Date of Award


Document Type

Open Access Dissertation

Degree Name

Doctor of Philosophy in Physics (PhD)

Administrative Home Department

Department of Physics

Advisor 1

Ravindra Pandey

Committee Member 1

Max Seel

Committee Member 2

Ranjit Pati

Committee Member 3

Loredana Valenzano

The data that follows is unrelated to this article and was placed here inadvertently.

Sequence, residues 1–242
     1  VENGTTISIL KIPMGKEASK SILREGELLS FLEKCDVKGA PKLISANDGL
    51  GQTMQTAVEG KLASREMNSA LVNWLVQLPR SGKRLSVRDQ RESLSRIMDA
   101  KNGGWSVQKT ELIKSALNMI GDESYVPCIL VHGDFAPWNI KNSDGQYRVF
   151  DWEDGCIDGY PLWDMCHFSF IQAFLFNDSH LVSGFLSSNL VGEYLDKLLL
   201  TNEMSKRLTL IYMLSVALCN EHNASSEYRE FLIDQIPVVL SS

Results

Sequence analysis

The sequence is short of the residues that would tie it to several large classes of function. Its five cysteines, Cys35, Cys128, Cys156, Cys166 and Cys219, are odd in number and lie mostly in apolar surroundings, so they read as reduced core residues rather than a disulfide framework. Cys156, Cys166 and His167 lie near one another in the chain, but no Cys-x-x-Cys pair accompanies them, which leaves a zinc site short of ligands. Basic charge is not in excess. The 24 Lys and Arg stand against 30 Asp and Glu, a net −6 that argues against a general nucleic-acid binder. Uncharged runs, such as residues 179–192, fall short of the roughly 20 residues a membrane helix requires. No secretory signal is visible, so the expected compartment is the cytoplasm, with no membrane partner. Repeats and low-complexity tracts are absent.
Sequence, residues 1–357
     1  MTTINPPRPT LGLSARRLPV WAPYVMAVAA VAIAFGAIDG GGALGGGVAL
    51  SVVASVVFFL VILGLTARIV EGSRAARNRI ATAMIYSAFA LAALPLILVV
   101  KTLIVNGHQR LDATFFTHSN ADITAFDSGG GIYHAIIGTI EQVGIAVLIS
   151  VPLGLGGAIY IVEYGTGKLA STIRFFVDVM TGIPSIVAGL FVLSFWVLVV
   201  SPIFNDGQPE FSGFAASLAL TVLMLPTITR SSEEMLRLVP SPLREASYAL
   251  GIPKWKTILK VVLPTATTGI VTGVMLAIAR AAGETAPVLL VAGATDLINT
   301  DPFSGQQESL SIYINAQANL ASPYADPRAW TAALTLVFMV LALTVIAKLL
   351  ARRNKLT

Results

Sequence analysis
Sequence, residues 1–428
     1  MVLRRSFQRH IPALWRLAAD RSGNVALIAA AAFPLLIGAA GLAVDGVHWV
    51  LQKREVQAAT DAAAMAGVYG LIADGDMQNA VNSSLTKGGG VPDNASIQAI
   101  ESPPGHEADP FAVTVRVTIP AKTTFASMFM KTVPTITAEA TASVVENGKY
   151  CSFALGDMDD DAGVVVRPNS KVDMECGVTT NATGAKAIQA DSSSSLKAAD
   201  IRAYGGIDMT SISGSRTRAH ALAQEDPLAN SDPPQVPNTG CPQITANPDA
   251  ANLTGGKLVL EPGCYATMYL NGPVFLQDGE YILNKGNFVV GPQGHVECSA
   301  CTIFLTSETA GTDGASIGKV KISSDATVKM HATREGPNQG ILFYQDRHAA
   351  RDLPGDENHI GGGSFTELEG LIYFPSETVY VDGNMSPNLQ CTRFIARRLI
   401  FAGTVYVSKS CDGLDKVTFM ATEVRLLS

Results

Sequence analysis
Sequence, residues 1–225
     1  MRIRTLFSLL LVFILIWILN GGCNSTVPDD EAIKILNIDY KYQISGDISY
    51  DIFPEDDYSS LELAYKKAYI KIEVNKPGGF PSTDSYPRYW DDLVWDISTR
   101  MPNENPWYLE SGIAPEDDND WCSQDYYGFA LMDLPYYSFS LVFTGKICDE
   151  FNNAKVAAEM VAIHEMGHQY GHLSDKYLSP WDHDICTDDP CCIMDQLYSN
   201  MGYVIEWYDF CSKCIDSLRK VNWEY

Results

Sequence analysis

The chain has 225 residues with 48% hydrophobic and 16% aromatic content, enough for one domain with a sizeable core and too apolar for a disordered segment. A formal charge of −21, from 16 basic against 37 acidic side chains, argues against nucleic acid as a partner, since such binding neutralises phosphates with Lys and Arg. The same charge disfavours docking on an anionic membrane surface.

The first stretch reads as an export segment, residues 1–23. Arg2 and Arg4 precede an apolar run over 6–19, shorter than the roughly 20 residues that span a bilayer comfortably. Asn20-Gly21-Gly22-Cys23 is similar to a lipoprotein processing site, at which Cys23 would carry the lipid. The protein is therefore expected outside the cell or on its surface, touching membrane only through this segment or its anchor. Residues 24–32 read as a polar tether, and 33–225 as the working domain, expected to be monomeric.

Two dimensional (2D) materials have been extensively studied due to their novel properties and technologically important applications. Especially, the discovery of graphene has stimulated an avalanche of investigations to exploit its novel properties for applications at nanoscale. In the post-silicon era, graphene has been widely regarded as the most promising building blocks for the electronic devices. However, its metallic nature together with sensitivity to the environment leads to somewhat limited scope of applications. A finite band gap in a material is known to be essential for the fabrication of devices such as transistors. Such a limitation associated with graphene has led to the exploration of 2D materials beyond graphene. My work in this thesis can be broadly classified into two parts. The first part is focused on exploring the properties of some new 2D materials that have been synthesized in experiments using first-principles calculations based on density functional theory. Specifically, the electronic properties of group IV monolayer graphyne and group V monolayer phosphorene, engineering of their properties with external strain and defects, and the oxidation and degradation of phosphorene in air are investigated. The second part is focused on computational design of new 2D materials that have not been synthesized in experiments yet. For example, the structure and stability of antimonene and carbon phosphide monolayers are studied. These theoretical investigations in the present thesis not only improve our understandings on the physics and chemistry of existing 2D materials, but also lead to the fabrication of novel 2D materials for future applications.